Crypto

“The Wild West of Finance”: CBDC, Crypto, and Privacy in the Digital Age

Dr. Hitesh Tewari explains CBDCs and why we should all consider the privacy implications before embracing government-sanctioned digital currencies.

CBDC or Central Bank Digital Currencies are a growing phenomenon that enjoys the support of many governments around the world. However, given the recent multi-billion dollar collapse of FTX and sudden large swings in the valuation of crypto tokens like Bitcoin Over the past few years, many people have grown tired of the crypto ecosystem that has grown in a short period of time.

For many observers, crypto is the Wild West of the financial world where there are very few rules or regulations, let alone enforcement. Many also fear what this new technological revolution will mean for them in terms of transactions of goods and services in an increasingly digitized world.

Many people got tired of the crypto ecosystem that grew in a short time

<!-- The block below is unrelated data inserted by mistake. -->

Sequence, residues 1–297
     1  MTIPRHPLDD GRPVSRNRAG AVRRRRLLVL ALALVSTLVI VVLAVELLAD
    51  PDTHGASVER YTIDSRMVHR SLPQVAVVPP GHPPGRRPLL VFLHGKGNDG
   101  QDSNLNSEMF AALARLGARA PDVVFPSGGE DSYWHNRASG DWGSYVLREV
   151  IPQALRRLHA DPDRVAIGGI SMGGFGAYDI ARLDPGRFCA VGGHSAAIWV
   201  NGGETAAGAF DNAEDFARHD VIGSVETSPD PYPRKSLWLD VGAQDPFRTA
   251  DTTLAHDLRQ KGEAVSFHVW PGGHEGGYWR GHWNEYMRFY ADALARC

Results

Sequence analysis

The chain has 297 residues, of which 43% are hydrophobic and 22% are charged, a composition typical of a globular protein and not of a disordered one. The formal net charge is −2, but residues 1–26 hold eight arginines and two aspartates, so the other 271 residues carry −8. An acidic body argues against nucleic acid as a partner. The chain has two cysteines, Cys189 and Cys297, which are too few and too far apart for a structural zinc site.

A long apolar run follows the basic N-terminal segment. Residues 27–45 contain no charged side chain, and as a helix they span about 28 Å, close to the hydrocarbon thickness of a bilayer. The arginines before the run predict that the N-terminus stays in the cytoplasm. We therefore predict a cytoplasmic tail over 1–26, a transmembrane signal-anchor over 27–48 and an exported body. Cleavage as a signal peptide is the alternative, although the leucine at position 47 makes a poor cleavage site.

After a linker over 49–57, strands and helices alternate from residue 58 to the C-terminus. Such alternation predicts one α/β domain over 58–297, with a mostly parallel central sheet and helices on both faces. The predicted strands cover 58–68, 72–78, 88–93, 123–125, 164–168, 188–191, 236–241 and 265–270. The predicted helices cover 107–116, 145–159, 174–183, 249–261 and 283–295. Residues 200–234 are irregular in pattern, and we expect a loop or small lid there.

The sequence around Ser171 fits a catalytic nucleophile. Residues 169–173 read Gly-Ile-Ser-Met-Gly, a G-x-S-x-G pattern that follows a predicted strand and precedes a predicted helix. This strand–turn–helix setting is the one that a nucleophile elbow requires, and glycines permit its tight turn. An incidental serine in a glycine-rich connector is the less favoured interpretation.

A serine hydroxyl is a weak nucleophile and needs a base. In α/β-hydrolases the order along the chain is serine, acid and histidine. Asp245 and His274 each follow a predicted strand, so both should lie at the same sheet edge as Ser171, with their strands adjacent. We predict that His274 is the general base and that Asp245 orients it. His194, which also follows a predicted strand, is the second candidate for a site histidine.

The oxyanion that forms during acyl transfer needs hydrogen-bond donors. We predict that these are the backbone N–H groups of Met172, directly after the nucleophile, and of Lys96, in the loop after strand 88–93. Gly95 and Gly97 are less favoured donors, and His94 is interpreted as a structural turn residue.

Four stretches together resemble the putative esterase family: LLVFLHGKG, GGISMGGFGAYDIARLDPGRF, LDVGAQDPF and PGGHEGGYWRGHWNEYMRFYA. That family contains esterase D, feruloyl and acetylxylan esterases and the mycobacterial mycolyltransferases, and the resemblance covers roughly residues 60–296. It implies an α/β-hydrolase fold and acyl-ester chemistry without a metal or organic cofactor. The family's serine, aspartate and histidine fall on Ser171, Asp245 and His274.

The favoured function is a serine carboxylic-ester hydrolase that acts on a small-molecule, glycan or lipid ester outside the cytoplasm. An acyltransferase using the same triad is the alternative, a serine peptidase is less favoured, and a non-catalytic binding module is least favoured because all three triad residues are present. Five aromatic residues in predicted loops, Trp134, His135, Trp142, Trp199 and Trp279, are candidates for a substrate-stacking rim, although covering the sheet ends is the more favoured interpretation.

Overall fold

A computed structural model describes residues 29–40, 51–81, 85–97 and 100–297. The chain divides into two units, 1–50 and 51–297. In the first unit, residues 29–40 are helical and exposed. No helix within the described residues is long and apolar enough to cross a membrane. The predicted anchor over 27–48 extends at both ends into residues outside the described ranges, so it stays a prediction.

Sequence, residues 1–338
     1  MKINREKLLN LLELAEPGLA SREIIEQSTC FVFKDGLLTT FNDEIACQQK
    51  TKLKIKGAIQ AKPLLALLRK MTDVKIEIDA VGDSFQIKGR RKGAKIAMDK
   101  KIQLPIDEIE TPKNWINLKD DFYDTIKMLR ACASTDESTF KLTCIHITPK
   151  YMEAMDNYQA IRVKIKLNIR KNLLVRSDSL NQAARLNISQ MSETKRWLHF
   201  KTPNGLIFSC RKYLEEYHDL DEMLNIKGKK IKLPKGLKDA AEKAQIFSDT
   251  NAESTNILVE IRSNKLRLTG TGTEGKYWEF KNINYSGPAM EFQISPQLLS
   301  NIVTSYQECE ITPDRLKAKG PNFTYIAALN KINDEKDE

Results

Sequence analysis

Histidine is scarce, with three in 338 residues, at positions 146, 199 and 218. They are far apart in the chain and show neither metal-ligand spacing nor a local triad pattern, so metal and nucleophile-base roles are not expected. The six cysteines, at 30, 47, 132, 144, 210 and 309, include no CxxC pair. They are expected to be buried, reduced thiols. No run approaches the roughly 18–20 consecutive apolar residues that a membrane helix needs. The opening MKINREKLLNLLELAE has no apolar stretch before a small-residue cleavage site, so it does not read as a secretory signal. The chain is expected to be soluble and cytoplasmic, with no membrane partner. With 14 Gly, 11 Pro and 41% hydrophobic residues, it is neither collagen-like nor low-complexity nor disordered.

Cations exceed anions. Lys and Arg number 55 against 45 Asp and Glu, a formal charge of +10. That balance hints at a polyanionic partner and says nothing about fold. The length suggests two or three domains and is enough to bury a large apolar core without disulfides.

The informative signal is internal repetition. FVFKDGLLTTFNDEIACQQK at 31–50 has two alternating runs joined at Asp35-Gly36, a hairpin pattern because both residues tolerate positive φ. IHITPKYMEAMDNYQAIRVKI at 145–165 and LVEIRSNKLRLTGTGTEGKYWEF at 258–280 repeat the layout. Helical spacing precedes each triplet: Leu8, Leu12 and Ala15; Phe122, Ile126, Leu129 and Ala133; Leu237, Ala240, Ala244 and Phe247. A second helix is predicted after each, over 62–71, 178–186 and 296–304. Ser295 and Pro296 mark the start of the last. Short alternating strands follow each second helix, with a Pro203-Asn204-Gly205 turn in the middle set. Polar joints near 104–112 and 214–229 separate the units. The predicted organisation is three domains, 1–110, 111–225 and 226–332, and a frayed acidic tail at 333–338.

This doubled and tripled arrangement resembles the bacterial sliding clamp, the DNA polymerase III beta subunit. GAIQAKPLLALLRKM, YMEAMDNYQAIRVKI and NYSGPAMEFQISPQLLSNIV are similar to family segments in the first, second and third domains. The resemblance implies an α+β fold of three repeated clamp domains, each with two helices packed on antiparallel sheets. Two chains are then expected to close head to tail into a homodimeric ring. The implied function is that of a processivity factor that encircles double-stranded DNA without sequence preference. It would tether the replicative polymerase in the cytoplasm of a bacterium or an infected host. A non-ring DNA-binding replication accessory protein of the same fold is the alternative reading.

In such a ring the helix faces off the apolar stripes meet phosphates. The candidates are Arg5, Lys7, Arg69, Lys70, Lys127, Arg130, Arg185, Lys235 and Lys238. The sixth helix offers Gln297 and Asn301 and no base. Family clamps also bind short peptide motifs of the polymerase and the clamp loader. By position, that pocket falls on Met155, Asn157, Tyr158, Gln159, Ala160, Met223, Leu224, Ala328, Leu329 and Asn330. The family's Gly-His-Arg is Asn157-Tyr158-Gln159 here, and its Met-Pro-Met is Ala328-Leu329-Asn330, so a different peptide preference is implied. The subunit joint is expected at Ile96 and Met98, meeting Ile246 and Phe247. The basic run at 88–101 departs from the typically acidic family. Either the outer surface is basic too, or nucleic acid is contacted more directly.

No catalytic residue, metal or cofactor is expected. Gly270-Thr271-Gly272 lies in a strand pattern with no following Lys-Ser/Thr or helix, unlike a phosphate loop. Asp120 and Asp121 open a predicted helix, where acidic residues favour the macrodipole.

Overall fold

The Four Stages of Bitcoin Grieving

When Bitcoin was first launched in 2009, most diehard academics and crypto geeks aside, most observers dismissed it as another digital currency that was never going to garner mass support.

As Bitcoin began to gain traction, many of the same economists and bankers scoffed at the possibility that this new blockchain-based “decentralized currency” could actually challenge the existing global financial system.

The next phase was denial where banks and governments decided to ignore the small financial revolution that was starting on a global scale.

Finally, when the noise around crypto became too loud to ignore, the same organizations decided to jump on the crypto bandwagon and launch their own cryptocurrency offerings for fear of losing monetary control and missing out. the boat.

A New Era of Crypto Stability

This is where CBDCs come in. Central banks and governments around the world are promising a new era of stability and trust in crypto by launching their own stablecoins. These coins are pegged to fiat currencies such as Euro, Dollar and British Pound and therefore promise not to have the same wild swings in their valuations as has been the case with unregulated crypto tokens to date. .